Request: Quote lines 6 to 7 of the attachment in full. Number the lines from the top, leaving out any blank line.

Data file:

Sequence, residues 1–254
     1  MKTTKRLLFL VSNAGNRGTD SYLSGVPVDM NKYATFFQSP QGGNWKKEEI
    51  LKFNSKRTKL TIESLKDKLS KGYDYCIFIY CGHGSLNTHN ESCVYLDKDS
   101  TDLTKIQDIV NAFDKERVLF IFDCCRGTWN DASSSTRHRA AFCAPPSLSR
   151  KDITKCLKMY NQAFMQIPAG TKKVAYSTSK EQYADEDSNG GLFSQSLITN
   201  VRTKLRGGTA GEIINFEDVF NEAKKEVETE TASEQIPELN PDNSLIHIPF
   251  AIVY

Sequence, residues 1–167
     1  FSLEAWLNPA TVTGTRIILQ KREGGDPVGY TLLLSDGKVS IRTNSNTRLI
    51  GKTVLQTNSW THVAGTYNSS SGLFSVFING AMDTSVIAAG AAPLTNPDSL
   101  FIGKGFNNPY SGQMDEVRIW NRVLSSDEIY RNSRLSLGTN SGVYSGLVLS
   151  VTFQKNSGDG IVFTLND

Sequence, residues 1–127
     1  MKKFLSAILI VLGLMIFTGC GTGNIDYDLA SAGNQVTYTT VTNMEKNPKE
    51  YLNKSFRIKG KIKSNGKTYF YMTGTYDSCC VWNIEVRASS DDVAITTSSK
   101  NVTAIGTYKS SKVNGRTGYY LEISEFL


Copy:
   201  VRTKLRGGTA GEIINFEDVF NEAKKEVETE TASEQIPELN PDNSLIHIPF
   251  AIVY